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Alaska Scores 3 Out Of 10 In New Bioterror Preparedness Study; Report Finds Federal Funds Have Yielded Only Modest Improvements In The State
Budget Cuts, Bureaucratic Red Tape and Interagency Wrangling Hurting
Preparedness Efforts


December 14, 2004

A report released Saturday by Trust for America's Health (TFAH) based in Washington, D.C. finds that after two years and nearly $2 billion of federal bioterrorism preparedness funding, states are only modestly better prepared to respond to health emergencies than they were prior to September 11, 2001.

The TFAH report, "Ready or Not? Protecting the Public's Health in the Age of Bioterrorism," examines how each state performs on 10 key indicators, which assess areas of improvement and areas of ongoing vulnerability in our nation's effort to prepare against bioterrorism and other large-scale health emergencies.

Alaska was one of twelve states and the District of Columbia to receive a score of three out of 10 possible indicators. A majority of states, 38, earned marks for only half (five) or fewer of the possible 10 indicators. Florida, Maryland and Tennessee scored the highest, with scores of seven out of 10. Arkansas, Kentucky, Mississippi, New Mexico and Wisconsin scored the lowest, meeting just two of the indicators.

According to the TFAH report, Alaska has made progress to expand the health emergency communications network, upgrade public health laboratories and to develop initial bioterrorism response plans.

However, the report found that Alaska and the rest of the nation face major concerns including: cuts to public health programs in nearly two-thirds of the states; an impending shortage of trained professionals in the public health workforce; disagreements between state and local health agencies over resource allocation; and tie-ups of much of the federal bioterrorism funding due to bureaucratic obstacles. The report also found that only Florida and Illinois are prepared to distribute and administer emergency vaccinations or antidotes from the national stockpile. It also showed that states' readiness for other health emergencies, such as a major infectious disease outbreak like severe acute respiratory syndrome (SARS), is seriously inadequate.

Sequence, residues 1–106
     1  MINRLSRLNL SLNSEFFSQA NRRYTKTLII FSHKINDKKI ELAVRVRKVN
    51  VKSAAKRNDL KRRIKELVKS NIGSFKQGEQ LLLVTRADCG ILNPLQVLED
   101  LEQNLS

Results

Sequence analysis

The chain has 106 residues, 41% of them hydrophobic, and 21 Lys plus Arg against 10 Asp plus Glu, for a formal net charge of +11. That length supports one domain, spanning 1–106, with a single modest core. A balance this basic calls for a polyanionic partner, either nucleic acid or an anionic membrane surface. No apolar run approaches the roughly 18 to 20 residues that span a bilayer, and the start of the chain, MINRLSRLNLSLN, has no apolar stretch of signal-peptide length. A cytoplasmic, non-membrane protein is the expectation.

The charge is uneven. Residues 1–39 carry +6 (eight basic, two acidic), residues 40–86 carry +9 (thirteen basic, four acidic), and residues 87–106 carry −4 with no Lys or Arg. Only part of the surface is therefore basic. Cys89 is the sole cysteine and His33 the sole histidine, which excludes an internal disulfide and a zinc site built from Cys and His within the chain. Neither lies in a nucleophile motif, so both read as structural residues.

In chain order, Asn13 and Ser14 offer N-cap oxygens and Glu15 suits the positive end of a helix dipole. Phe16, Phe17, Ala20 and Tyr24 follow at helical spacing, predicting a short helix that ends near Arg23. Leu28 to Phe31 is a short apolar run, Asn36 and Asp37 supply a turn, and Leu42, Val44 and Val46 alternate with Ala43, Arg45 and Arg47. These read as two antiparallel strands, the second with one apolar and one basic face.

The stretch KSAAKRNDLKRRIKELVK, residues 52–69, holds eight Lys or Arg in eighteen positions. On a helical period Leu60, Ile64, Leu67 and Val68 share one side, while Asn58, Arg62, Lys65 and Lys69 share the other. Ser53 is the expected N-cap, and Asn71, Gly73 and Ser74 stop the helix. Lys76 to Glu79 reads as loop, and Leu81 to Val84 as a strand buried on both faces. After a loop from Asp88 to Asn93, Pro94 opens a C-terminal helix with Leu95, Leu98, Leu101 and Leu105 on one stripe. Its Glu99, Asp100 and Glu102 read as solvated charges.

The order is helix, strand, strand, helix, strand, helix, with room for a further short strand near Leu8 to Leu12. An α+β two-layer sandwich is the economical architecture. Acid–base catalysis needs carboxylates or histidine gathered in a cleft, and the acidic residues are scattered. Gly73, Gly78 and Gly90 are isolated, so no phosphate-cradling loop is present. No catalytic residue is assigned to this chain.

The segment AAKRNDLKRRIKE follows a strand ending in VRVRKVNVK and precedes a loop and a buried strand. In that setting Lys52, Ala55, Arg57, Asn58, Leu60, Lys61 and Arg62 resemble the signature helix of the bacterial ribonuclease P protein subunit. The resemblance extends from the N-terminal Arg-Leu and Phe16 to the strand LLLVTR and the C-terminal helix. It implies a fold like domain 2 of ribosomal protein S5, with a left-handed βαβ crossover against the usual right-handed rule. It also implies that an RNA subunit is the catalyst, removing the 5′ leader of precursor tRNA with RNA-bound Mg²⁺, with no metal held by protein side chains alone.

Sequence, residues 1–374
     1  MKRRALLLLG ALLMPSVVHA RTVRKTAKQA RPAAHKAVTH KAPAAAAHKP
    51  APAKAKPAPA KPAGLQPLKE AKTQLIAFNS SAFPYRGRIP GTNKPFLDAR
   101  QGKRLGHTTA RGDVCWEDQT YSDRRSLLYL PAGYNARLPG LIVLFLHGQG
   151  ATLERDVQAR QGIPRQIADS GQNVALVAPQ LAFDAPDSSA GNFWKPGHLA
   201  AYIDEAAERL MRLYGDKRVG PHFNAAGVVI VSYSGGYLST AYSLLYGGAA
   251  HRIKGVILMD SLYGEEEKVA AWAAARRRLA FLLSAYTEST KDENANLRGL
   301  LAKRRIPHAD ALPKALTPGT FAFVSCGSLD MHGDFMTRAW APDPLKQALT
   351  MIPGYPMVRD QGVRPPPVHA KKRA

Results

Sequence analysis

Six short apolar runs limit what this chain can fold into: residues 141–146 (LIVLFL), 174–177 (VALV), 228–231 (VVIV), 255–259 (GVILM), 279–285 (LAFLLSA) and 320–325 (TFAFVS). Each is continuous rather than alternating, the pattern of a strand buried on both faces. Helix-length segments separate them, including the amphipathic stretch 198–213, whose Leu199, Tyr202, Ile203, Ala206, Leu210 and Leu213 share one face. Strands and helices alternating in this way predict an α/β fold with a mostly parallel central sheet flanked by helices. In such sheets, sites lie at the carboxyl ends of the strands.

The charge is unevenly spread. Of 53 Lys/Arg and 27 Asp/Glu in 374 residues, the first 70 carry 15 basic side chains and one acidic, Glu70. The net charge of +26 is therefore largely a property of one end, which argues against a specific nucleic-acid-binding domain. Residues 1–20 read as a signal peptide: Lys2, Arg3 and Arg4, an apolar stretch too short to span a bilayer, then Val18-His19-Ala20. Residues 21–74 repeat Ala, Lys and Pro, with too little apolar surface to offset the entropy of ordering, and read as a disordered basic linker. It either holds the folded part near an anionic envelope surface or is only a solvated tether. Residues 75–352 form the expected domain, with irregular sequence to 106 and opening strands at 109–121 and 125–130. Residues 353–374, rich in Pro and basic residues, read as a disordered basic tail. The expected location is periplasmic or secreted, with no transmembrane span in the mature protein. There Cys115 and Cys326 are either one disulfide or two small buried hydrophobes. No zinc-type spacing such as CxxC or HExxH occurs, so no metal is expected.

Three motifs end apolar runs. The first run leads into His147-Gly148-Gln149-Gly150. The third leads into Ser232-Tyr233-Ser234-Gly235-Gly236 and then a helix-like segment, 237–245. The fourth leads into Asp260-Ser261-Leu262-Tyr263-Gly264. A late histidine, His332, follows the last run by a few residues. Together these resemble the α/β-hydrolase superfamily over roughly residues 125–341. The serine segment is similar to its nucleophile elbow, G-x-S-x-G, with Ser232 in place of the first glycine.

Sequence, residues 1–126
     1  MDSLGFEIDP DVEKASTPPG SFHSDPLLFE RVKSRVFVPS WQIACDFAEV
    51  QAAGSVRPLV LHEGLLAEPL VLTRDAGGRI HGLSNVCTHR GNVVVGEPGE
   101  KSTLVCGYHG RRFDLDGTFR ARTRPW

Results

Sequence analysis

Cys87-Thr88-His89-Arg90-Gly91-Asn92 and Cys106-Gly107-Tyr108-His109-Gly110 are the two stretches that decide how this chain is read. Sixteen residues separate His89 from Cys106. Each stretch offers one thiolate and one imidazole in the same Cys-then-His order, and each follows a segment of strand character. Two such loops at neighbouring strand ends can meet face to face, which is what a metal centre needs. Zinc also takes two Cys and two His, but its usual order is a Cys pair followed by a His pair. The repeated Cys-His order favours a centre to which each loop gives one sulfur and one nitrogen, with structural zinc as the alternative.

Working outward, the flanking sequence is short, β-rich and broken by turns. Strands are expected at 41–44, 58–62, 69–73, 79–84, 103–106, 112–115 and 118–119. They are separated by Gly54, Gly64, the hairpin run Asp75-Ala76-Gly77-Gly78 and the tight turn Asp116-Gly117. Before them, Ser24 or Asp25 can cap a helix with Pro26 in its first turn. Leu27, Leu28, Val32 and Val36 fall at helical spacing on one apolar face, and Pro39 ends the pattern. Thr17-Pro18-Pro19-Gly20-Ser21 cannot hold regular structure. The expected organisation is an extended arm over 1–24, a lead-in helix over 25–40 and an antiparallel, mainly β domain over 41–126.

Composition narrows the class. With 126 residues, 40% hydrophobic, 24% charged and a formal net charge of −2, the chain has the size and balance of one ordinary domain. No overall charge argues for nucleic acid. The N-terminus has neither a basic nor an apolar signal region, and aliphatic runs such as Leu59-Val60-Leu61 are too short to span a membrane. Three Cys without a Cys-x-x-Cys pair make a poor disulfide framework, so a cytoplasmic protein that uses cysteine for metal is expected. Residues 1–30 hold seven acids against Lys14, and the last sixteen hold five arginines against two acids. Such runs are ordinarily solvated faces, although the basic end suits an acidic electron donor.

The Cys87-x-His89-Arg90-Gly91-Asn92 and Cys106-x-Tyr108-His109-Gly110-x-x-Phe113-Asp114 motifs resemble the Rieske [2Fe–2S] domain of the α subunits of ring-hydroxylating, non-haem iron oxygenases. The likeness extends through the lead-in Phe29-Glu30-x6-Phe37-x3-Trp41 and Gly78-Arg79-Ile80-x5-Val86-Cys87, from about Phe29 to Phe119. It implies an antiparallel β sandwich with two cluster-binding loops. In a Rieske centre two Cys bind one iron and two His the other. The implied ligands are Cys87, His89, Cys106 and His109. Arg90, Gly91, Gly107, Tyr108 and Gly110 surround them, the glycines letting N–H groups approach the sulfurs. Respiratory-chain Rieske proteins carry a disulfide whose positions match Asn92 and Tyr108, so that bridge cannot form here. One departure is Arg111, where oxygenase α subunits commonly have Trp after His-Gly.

"Are we ready or not? The answer is not. Now is the time to get serious about developing an
all-hazards approach to public health to ensure we are ready for the range of possible threats we face," said Shelley A. Hearne, Dr.P.H. executive director of TFAH. "The federal bioterrorism funds were an important first step. However, two years of increased funding cannot make up for two decades of underinvestment."

"With bioterrorism, chemical terrorism, SARS, and West Nile virus representing only a handful of today's health threats, federal, state and local health agencies are being pushed and pulled beyond their limits," said Lowell Weicker, Jr., TFAH Board President and former three-term U.S. Senator and Governor of Connecticut. "The federal funding influx has created a perception that America's long-neglected public health system is undergoing rapid and substantial improvements. Instead of public health preparedness becoming a national priority, this report shows that it's become tied up in red tape."

TFAH's report examined every state's preparedness level in three general categories:

1. Funding, including state budgets for public health programs;
2. Public health infrastructure, including an examination of workforce, laboratories and communications preparedness; and
3. "Double duty" indicators that reflect how recent public health bioterrorism funding has affected traditional public health functions.

To ensure that sufficient preparedness measures are in place, TFAH recommends the following actions:

  • New federal measures should be established to ensure that state and local public
    health agencies are battle-ready for all hazards, not just biological terrorism;
  • CDC should track expenditures and institute measurable preparedness standards for
    state and local health departments to ensure accountability and efficient distribution
    of funding; and
  • The White House, in consultation with Congress, should convene a national summit
    on the future of public health to develop a cohesive, national approach to public
    health protection.

The report was supported by grants from The Robert Wood Johnson Foundation and the Bauman


Full Report:

Ready or Not? Protecting the Public's Health in the Age of Bioterrorism 2004


Source of News:

Trust for America's Health
Web Site



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